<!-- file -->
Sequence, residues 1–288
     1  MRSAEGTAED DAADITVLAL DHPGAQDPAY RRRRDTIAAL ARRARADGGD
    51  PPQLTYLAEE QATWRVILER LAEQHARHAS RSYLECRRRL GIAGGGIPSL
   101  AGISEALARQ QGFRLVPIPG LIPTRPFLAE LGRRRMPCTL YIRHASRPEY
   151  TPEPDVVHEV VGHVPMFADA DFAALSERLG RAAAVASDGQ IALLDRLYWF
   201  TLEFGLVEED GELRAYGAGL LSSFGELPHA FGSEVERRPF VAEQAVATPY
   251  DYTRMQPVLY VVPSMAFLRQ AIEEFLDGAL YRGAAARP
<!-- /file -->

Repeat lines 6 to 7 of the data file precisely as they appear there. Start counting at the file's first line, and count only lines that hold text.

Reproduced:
   201  TLEFGLVEED GELRAYGAGL LSSFGELPHA FGSEVERRPF VAEQAVATPY
   251  DYTRMQPVLY VVPSMAFLRQ AIEEFLDGAL YRGAAARP